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Jan Balabán: Kudy šel anděl? (Where Was the Angel Going?)

Generally, reading novels set in Eastern Europe during the Soviet era can be quite depressing, as things are usually grim. Yes, there are certainly are some Czech novels (and films) which make fun of the situation. This is not one of those. The novel is set in Ostrava, the site of a huge coalfield. Many of the people mentioned in this book work in the mines.

Our hero is Martin Vrána. He is the third of three sons with older brothers Petr and Tomáš. Their father is a doctor. As with most characters in this book, things do not go well for him. Much of the book is set in the Communist era. Initially, Martin is doing well as he has a girlfriend, Eva. They have found a secluded wood where they go off and have sex, though how much sex is not clear. One day, when she is wearing his shirt, she announces that she is going to have a baby but not by him. It seems that she is not pregnant, only that she wants to have a baby but not with him. In other words, she is dumping him even while they are playing around. He walks off, despondent, leaving her with his shirt.

We will follow his subsequent life. It seems that he does not really get over Eva. Indeed, early in the book, we find him in the post-communist era, living alone in a fifth floor flat, struggling to make ends meet, as he has to pay alimony and child support. He had been married to Daniela for ten years and they had a son and a daughter. His memory of Daniela seems to focus on her last words to him: I hate you. Eva, however, has not been forgotten and they will meet up in Lambeth North tube station in London later in the book.

Eva does not fare much better. She has a brief fling with Ivan, a former school sports star. He persuades her to have sex with him but, during the whole episode, she just lies there, not moving. Ivan is disappointed. When he learns of Martin – she is still wearing Martin’s shirt – he hunts him down to find out what Martin has that he does not. Not surprisingly, the meeting does not go well.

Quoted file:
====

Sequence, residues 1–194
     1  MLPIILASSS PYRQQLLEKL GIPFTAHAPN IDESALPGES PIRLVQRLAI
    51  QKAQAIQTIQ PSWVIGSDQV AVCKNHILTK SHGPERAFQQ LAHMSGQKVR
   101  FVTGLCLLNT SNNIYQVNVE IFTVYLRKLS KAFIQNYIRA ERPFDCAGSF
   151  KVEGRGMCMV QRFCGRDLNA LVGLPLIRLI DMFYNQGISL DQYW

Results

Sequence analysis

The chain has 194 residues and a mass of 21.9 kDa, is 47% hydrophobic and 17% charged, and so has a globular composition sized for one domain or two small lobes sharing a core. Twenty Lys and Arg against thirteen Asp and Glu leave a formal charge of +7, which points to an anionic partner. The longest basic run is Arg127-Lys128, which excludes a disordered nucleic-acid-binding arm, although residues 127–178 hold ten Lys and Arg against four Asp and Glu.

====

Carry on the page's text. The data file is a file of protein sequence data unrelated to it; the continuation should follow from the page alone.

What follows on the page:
Ivan has not had a happy childhood. His father was a thug, routinely badly beating up his wife, and generally being a bully to all and sundry. He is eventually found out and loses his job and then contracts cirrhosis of the liver. He is not mourned by his wife or son.

Later Eva gets pregnant, not by Ivan but by Michael, a man she doesn’t want, but she does want the baby. She, too, has father issues. He is described as the man whom she learned to forget about since childhood. A well situated man who has never done her any good. Her father.

The book is divided into forty-six numbered chapters but starts with Chapter Nineteen, the chapter in which we learn about Martin’s life in the fifth floor flat and his financial woes. In this and other Communist era books, the characters seem to have two forms of escape – alcohol and sex/love. Sex/love is not working for Martin so we see him turning to alcohol, though not excessively. We also see that life in the post-Communist Czech Republic has its problems as, from his window, he sees three men break into the computer shop opposite and steal computer equipment. He cannot phone the police as his phone battery has died.

Alcohol is the recourse for many. The miners tend to come out of the mines and head for the bars. Several of the characters drink heavily. Of Martin’s two older brothers, Petr manages to flee to West Germany, while Tomáš goes to Prague to work as a photographer – and drinks heavily. He makes a grim prophecy: a scorched Earth and concentration camps everywhere. It’s not heading in any other direction. Humanity has nothing in front of it, no future. God is silent. When their aunt dies and the family go to Prague for her funeral, on the return journey, the mother starts crying. The boys assume that she is sad at the death of the aunt. However, this is very much not the case. She feels that this is the last time they will travel to and from Prague as a family, as her growing boys will soon disappear and though she is not yet fifty, she will have nothing left in her life.